The Senate Judiciary Committee has added six nominations to the agenda for its Thursday business meeting — three U.S. Attorney nominees and three controversial figures nominated to be Assistant Attorneys General.
The three U.S. Attorney nominees are Andre Birotte Jr. (Central District of California), Richard Hartunian (Northern District of New York) and Ronald Machen (District of Columbia). All three were nominated Dec. 23. Read more about Birotte here. Read more about Hartunian here. Read more about Machen here.
The agenda also includes three high ranking Justice Department appointees whose nominations were not acted on by the Senate last year and whose nominations were returned to the White House at the end of last year’s session — Mary L. Smith to head the Justice Department’s Tax Division, Christopher Schroeder to head the Office of Legal Policy and Dawn Johnsen, to head the Office of Legal Counsel. President Obama re-nominated the three earlier this month.
Although the names of Smith, Schroeder and Johnsen were placed on this week’s agenda, committee Republicans have the right to delay action for a week.
The panel’s top Republican, Jeff Sessions of Alabama, has formally asked committee Chairman Patrick Leahy (D-Vt.) to schedule another hearing on the Johnsen nomination. Leahy sent a letter to Sessions regarding the Republican’s request, a Senate aide told Main Justice. It is unclear what the letter said.
Sessions also said Republicans would likely support additional hearings on Smith and Schroeder as well, although he has not formally made such a request.
Andrew Ramonas contributed to this report.
This post has been updated from an earlier version.
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The Senate Judiciary Committee has released questionnaires for an additional five U.S. Attorney nominees. Information from their Office of Government Ethics disclosures will be added as it becomes available.
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Andre Birotte, Jr. (Tufts University, Pepperdine University School of Law) has been nominated to replace Thomas P. O’Brien as the U.S. Attorney for the Central District of California. O’Brien resigned Sept. 1, 2009, to join the white-collar criminal defense practice in the Los Angeles offices of the Paul Hastings law firm. The Los Angeles-based district’s acting U.S. Attorney is George S. Cardona.
- Born in Newark, N.J., in 1966.
- Has been the Los Angeles Police Commission’s inspector general since May 2003.
- Served as the the police commission’s acting inspector general from December 2002 to May 2003.
- Was an adjunct professor at the University of Southern California’s Gould School of Law from August 2003 to May 2004.
- Worked as the Los Angeles police commission’s assistant inspector general from April 2001 to November 2002.
- Was an associate at Quinn Emanuel Urquhart Oliver & Hedges in Los Angeles from November 1999 to April 2001.
- Served as an Assistant U.S. Attorney in Los Angeles from January 1995 to August 1999.
- Worked as a Los Angeles County deputy public defender from December 1991 to December 1994.
- Was a volunteer law clerk in the U.S. Attorney’s office in Los Angeles from January 1991 to April 1991.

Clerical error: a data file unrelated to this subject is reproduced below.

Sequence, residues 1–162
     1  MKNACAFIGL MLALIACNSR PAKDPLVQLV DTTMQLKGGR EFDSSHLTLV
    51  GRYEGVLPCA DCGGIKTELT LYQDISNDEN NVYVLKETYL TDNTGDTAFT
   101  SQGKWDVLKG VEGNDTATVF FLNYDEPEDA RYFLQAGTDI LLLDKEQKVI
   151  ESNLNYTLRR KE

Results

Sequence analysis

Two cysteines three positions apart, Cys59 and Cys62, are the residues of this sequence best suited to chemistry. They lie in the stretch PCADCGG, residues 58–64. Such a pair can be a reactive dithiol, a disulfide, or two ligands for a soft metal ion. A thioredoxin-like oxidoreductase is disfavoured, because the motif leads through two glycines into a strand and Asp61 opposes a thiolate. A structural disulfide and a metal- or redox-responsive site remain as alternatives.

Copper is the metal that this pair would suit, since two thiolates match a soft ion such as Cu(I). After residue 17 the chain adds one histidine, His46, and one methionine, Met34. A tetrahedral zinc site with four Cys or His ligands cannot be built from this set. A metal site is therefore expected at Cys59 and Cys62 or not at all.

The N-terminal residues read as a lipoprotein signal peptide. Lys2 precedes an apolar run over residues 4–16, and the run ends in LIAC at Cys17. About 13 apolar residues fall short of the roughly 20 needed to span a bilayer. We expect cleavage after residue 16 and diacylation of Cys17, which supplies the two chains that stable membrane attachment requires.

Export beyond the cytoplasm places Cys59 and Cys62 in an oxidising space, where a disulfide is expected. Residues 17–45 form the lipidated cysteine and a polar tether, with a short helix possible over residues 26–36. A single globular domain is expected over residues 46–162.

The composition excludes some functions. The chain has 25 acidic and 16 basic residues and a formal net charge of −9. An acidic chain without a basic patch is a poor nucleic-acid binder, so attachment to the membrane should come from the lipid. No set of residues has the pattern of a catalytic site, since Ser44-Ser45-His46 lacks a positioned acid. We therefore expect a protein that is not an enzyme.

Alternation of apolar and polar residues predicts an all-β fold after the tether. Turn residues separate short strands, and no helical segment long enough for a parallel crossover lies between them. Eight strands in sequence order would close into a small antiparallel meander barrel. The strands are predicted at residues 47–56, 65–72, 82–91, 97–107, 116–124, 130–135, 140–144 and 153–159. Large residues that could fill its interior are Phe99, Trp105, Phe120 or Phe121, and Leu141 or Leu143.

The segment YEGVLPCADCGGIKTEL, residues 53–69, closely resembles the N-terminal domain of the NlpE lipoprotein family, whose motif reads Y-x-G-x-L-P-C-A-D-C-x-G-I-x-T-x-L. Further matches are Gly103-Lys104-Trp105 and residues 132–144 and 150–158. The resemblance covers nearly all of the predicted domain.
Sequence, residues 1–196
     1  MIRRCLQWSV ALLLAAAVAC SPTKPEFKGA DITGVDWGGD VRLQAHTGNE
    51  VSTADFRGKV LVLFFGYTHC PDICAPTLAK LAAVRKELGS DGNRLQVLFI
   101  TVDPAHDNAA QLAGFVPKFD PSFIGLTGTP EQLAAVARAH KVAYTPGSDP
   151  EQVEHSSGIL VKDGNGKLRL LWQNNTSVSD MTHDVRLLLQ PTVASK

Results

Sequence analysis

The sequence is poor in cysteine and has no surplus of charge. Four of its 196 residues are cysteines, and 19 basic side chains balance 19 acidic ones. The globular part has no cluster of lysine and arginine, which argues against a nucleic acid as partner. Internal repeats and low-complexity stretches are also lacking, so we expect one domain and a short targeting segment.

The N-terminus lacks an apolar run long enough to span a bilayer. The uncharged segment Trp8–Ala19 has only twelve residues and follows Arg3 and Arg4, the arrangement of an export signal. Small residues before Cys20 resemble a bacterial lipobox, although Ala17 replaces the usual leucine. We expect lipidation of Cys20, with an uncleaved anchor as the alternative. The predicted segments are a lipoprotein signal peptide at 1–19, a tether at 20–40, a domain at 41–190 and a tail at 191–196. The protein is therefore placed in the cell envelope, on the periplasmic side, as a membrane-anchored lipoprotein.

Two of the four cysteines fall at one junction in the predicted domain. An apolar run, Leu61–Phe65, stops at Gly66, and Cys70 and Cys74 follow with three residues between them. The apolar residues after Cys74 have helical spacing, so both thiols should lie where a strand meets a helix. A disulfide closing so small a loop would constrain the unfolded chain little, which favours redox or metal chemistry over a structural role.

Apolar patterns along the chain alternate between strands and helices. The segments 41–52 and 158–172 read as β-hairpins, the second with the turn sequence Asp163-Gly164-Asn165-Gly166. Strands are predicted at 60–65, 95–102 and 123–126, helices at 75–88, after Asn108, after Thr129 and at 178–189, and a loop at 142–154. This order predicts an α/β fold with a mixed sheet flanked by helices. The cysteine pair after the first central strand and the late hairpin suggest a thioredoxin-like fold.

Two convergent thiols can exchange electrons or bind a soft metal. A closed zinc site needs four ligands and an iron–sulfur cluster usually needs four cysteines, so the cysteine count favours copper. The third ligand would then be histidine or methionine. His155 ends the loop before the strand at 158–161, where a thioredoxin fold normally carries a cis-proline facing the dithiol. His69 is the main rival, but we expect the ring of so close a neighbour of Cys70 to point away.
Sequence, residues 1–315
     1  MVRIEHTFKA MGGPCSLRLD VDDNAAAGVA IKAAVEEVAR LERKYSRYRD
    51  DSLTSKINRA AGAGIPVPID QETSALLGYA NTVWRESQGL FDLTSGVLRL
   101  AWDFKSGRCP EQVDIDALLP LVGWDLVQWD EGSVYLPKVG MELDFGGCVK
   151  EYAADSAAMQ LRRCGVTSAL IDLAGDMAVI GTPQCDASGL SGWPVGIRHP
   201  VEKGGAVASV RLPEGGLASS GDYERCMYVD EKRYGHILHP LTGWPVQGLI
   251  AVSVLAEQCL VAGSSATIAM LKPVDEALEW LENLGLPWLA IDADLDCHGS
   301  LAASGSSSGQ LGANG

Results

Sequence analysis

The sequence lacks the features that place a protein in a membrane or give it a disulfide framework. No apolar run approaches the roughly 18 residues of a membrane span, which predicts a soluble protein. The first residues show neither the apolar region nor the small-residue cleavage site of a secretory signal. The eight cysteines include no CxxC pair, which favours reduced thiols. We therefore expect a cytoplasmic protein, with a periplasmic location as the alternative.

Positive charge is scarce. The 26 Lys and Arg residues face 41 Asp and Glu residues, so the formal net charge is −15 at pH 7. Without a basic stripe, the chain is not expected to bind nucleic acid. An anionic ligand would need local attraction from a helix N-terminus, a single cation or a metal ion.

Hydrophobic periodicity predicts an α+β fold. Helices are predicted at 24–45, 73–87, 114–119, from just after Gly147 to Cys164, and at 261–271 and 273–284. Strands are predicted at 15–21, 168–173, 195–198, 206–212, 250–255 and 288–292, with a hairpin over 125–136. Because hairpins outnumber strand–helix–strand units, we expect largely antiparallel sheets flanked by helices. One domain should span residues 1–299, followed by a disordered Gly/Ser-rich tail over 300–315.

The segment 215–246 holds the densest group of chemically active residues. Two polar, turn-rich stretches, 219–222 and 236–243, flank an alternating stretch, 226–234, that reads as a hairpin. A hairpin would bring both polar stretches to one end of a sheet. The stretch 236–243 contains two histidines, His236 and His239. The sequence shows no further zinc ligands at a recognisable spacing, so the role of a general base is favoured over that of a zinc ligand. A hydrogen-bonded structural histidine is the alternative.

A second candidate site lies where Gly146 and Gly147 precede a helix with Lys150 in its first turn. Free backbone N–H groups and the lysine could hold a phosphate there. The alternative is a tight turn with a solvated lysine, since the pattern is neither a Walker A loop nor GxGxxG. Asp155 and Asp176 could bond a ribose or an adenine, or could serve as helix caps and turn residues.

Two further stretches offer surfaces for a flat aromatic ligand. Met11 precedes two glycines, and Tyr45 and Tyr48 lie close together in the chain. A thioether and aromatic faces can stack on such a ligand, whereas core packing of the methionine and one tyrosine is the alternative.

- Worked as a legal intern in the San Diego County public defender’s office from May 1990 to August 1990.
- Was a law clerk at Kohrs & Fiske in Santa Monica, Calif., during the summer of 1989.
- Worked as a law clerk at Bross, Strickland, Cary & Grossman in Newark, N.J., from July 1987 to July 1988.
- Received the Wind Beneath My Wings Award from the National Association of Black Law Enforcement Executives in 2008.
- Has tried approximately 40 criminal jury trials. Of those, he was sole counsel in 35 and co-counsel in five. He also tried one civil jury trial as co-counsel.
Click here for his full Senate Judiciary Committee questionnaire.
On his Office of Government Ethics disclosure, Birotte reports earning $330,000 from his inspector general job. Also noted is $2,200 he earned from Train West Hollywood for work as a personal fitness trainer. Check out his trainer profile page.
UPDATE: On his Senate Judiciary financial disclosure, Birotte reported assets valued at $1 million, mostly from $750,000 in real estate. He reported liabilities of $594,000. His net worth is $407,100.
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A misstep by a prosecutor in the U.S. Attorney’s office in the Central District of California has cost the office the option of prosecuting a former business official allegedly involved with securities fraud, The American Lawyer reported.
The case involves the former CFO of Broadcom, William Ruehle. In June 2008, Ruehle and Henry T. Nicholas III, the co-founder and former president and CEO of Broadcom, were charged with improperly backdating stock options.
On Dec. 1, U.S. District Court Judge Cormac J. Carney granted a motion by Ruehle’s attorneys to grant immunity to ex-Broadcom general counsel David Dull and Broadcom co-founder Henry Samueli, who had indicated they would invoke their Fifth Amendment rights against self-incrimination to avoid testifying, The American Lawyer reported.
After the judge granted immunity, Assistant U.S. Attorney Andrew Stolper phoned Dull’s attorneys. Stolper told Dull’s lawyers that their client could be charged with perjury if he provided prosecutors with the same answers he gave the Securities and Exchange Commission regarding the case, according to an Orange County Register report cited by The American Lawyer.
Dull had not been criminally charged in the case but was named in an SEC complaint, according to The American Lawyer. Dull’s lawyers — James Asperger of Quinn Emanuel Urquhart Oliver & Hedges and Seth Aronson of O’Melveny & Myers — reported the call to the judge. Cormac J. Carney called a hearing in response to the call.
During the hearing, Stolper indicated the purpose of the call was to clarify the law, The American Lawyer said. But Carney suggested the call was an attempt to influence testimony. “I do believe there was government misconduct, but cannot tell from testimony of witnesses if there was an actual threat to Mr. Dull,” the judge said.